The day finally arrived. Jess was in active labor with her husband, Mike, at her side. Her OB assured her that things were looking good, despite Jess having gestational diabetes. According to her doctor, Jess was concerned because her infant was large. That meant that there might be some problems as the baby came down the birth canal
It was a long and difficult labor. The baby’s head wedged against Jessica’s pelvic bone. The OB used forceps to move the baby’s head away from the pelvis and down the birth canal.
Their baby girl was sluggish to cry but was doing well at the 5-minute Apgar. Jess and Mike were thrilled to become a family finally.
But wait. There was something wrong with her face. Only the right side of her mouth was down as she was crying. She had a large bruise on her scalp. Concerned, they asked their OB what had happened to her. He suggested that they wait until the baby’s doctor examined her and answered all their questions.
The following morning, their baby’s pediatrician came ready with answers to all their questions. He first discussed the bruise on her head. He told them it was a cephalohematoma, meaning a small amount of clotted blood in the outer layer of the skull from bursting blood vessels. It occurs in around one of every forty deliveries and resolves within a few weeks.
He then discussed their baby’s face. She had facial paralysis. This happens in between one in 100 to one in 200 live births, frequently when forceps are required. The forceps put pressure on the side of the face as the OB moves the head through the birth canal. While disturbing to look at, it usually heals in less than a month.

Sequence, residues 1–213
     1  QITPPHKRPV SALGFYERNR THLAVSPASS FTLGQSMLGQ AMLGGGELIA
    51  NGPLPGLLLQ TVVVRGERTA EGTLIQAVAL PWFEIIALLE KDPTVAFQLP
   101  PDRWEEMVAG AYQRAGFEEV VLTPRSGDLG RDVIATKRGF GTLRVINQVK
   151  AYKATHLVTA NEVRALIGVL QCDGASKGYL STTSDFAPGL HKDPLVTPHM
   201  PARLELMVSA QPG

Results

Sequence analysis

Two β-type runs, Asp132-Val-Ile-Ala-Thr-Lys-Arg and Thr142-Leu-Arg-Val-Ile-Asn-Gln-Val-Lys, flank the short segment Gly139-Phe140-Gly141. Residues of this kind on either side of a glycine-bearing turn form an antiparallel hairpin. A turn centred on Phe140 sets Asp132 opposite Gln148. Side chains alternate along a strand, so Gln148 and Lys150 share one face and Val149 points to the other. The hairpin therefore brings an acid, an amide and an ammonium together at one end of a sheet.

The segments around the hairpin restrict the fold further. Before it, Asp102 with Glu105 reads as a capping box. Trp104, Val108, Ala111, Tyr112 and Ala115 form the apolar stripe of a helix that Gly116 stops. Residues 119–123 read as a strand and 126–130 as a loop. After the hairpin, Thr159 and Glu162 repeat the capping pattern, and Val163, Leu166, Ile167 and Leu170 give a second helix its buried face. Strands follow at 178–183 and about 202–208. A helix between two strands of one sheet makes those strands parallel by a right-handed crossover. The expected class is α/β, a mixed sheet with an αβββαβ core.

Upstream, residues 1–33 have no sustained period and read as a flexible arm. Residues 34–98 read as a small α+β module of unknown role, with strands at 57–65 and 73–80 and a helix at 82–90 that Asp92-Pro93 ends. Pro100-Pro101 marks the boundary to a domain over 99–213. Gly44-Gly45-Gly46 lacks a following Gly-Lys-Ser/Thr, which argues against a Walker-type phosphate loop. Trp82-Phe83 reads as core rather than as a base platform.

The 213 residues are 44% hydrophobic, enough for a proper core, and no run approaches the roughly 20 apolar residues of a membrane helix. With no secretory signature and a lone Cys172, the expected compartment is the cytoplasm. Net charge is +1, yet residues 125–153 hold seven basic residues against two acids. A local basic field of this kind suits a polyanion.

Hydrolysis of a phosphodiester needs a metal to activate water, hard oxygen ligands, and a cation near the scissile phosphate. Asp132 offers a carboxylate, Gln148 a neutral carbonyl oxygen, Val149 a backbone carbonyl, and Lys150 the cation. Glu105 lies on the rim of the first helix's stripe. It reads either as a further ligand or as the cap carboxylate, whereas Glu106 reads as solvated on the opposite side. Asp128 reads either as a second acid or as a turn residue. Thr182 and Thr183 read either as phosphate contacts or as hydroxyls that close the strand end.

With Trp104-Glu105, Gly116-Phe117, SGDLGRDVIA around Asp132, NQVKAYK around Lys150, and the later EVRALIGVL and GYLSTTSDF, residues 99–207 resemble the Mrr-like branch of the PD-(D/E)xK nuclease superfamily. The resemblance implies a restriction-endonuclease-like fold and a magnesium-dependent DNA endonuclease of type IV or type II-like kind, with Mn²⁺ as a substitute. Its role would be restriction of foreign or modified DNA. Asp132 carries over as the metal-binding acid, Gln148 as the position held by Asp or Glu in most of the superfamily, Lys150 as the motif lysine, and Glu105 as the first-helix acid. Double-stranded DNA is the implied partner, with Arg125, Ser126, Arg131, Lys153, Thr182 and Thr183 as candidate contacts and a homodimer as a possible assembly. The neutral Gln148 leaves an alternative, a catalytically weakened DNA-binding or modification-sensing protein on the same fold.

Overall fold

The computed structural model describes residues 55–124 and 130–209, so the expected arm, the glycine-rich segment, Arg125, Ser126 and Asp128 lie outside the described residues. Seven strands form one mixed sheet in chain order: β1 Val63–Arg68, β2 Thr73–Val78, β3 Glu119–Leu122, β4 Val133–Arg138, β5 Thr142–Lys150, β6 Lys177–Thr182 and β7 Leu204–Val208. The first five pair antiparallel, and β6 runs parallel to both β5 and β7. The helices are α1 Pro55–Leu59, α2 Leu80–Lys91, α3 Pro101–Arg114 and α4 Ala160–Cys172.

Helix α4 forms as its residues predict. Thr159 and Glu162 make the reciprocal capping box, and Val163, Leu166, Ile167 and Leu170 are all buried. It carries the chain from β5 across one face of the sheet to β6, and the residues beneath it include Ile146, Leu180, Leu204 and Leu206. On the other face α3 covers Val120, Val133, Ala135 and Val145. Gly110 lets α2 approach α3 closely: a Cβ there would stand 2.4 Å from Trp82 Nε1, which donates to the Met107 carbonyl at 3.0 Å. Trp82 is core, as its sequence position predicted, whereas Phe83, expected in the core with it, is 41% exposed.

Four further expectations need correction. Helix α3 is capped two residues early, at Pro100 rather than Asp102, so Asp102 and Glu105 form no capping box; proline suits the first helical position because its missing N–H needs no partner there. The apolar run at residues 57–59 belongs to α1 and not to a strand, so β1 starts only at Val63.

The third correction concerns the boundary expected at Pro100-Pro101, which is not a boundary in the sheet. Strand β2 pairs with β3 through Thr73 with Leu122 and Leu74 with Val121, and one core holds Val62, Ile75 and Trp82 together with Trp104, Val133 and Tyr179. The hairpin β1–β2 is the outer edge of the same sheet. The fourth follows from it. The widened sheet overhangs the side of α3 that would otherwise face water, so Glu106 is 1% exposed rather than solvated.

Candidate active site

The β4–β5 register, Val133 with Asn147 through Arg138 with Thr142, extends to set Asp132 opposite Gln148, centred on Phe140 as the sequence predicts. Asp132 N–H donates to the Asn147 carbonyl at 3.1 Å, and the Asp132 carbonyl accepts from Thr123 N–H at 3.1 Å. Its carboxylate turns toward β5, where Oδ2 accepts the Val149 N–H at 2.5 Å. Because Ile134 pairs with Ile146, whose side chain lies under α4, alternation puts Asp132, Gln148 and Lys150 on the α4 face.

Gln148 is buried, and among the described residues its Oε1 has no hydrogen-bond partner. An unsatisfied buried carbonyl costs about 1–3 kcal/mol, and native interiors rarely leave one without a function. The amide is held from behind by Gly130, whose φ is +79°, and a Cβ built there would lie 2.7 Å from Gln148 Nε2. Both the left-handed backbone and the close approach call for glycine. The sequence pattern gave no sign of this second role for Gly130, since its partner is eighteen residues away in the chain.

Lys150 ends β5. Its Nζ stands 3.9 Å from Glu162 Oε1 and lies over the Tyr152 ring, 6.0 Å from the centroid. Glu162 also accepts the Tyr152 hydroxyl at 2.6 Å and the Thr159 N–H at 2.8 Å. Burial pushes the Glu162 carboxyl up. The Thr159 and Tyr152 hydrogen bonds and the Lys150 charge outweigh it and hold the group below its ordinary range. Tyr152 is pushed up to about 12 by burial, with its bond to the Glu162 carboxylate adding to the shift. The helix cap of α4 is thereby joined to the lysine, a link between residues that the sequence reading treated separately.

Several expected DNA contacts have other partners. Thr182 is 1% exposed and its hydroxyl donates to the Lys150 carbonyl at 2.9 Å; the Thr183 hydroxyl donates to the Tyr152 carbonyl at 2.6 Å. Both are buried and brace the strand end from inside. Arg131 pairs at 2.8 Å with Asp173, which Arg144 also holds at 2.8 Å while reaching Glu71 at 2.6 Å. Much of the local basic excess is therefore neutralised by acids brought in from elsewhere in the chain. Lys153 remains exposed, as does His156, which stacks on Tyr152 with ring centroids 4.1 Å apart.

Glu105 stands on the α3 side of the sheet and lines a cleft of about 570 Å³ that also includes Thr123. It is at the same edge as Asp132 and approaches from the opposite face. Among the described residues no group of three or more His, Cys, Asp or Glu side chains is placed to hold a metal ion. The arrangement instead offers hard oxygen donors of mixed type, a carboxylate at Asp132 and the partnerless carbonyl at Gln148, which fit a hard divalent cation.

Jess and Mike were relieved to learn that both problems would get better. Their doctor let them know that the rest of their baby girl’s exam was fine, and there was no evidence of long-term problems.
How Often Do Birth Injuries Happen?
According to the Paediatr Perinat Epidemiol. 2010 article, birth trauma in the US ranged between 0.2 and 37 birth traumas per 1000 births. There are many reasons for the trauma to occur. These include problems with the mother’s ability to deliver, issues with the infant’s size or position in the birth canal, and the methods used to assist delivery.
What is the Most Common Birth Injury?
Birth injuries are most often due to the natural forces of labor and delivery. The most common area of birth injury is not surprisingly the head which comes out first. The different types of head injuries are these:
Bruising or forceps marks – Bruising is common, especially when the baby’s face is pushing against the mother’s pelvis during labor. Forceps marks occur due to the pressure needed to move the head into a better position for delivery.
Caput succedaneum is a swollen scalp area due to the head pushing against the mother’s pelvis during labor. The swelling can also occur with vacuum delivery.
Subconjunctival hemorrhage – During labor and delivery, the baby’s head and face receive a great deal of pressure leading to small eye blood vessels breaking. There will be a red band in the white part of one or both eyes. While happening frequently, it doesn’t damage the eyes, which get back to normal within two weeks.
Cephalohematoma – As noted above, this is a small amount of clotted blood under the scalp that occurs from blood vessels breaking. It is not a problem and will get better within a few weeks.
Subdural Hematoma – A subdural hematoma is due to bleeding within the skull. Occurring 2.9 infants in every 100,000 live birth, it is the most common intracranial hemorrhage in newborns. Difficulty with labor and delivery and forceps/vacuum use are factors. This injury has the risk of later brain-based problems.